I tried the methods from each book, and they were working… to an extent. But after a couple weeks of each, I still had lingering pain that wouldn’t go away.
So you finally went to PT again?
Yes!!! I met someone who used to work at a neurosurgery clinic. On a whim I brought up my shoulder and they gave it a feel. In their assessment, they said I had pretty knotty shoulder tissue that was likely pinching the nerve--hence why I was feeling the referral pain in my rhomboid and why nothing was working. Their bias told them that I should just go get surgery. I’ve long decided I’m never gonna do that for something like this though, so I told them that’s off the table. They said ok, then go see a PT and let them know about your fucked up shoulder.
At this point I’d long dropped power lifting and was now doing a body weight routine. I like this routine because prisoners do it and when I see Goku and Krillin not using weights either I’m like damn that’s me. But still, some of the same issues were coming back. One of the biggest was that my push ups were not lining up. See, I’d put my hands up on the wall or on the floor, and the right hand would be naturally “up” by about an inch!!! Doing the pushup felt equally awkward.
So I decided I’d give it another try, this time armed with all of my knowledge. I showed up to my appointment and vomitted all my buzz words I’d learned:
They totally knew what I was talking about and we got to work… after the first day, when I only had 6 exercises to do for that week, I was already feeling progress! But I have felt the illusion of “progress” many times through my quest, so I was skeptical… But then when I went back for week 2, I told them my observations, and they actually listened!! I got feedback about where I was right and wrong on my own assessments (which made sense somewhere in the swirling logic of everything I’d shoved into my brain), and they modified my routine to improve what was working.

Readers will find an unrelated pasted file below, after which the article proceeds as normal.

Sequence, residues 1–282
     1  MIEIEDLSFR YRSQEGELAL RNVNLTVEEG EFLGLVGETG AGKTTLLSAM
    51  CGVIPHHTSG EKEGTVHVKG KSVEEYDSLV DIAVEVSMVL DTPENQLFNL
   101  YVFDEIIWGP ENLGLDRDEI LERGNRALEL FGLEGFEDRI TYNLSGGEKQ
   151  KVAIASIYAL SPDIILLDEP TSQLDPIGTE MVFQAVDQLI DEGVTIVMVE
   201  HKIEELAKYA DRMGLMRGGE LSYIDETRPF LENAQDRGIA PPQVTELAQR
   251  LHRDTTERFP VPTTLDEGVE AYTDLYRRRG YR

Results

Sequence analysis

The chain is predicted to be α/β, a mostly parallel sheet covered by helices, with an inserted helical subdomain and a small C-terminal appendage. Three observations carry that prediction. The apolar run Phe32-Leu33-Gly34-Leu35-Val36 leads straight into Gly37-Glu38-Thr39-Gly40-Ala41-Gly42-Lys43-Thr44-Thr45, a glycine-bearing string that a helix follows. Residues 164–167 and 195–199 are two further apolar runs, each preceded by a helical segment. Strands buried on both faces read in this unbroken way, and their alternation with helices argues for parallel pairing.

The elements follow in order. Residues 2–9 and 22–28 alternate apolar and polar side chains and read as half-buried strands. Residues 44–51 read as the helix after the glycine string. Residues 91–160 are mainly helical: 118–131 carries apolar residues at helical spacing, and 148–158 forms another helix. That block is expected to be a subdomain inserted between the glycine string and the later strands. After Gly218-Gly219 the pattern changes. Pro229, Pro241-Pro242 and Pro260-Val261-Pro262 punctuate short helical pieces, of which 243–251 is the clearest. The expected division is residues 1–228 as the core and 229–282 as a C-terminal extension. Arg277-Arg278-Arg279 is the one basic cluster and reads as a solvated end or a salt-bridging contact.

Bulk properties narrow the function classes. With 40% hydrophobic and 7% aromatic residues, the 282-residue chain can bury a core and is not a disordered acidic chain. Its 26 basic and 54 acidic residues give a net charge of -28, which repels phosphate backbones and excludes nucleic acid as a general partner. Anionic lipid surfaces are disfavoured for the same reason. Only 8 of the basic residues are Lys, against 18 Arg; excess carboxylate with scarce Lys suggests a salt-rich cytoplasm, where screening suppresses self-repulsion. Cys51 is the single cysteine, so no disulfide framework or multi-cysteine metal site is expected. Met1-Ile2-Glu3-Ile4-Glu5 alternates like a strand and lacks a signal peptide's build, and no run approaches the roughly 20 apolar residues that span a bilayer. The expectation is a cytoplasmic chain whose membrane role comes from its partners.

Not only that, but after the first week, my pushup form had already repaired itself. I’m not strong enough to do proper pushups still, but I’ve just recently started introducing some elevated ones again.
So you fixed it?
Hopefully!! I don’t know! Everything feels like it’s getting gradually better. I can only go up from here.
Ultimately what the PT says is that it’s like this:
Weakness in shoulder
Other muscles are overcompensating
Joints are getting too tight around this area
Strain is causing irritation to the nerve
So by fixing the weakness, ultimately everything else should start falling back into place and pains will resolve themselves. It makes sense because all the different methods I tried were addressing some of these things but not all of them, so that’s why I’d sometimes feel relief but not for long.
The thing I said earlier, about the neck thing being only half-right, was because the issue was not in the neck, but I WAS experiencing the same nerve irritation that you would get from issues with your neck.
Ok I have to pee bye. Everyone should be their own advocate but know when it’s time to see a specialist--though I think you’re totally right to distrust them sometimes. K bye.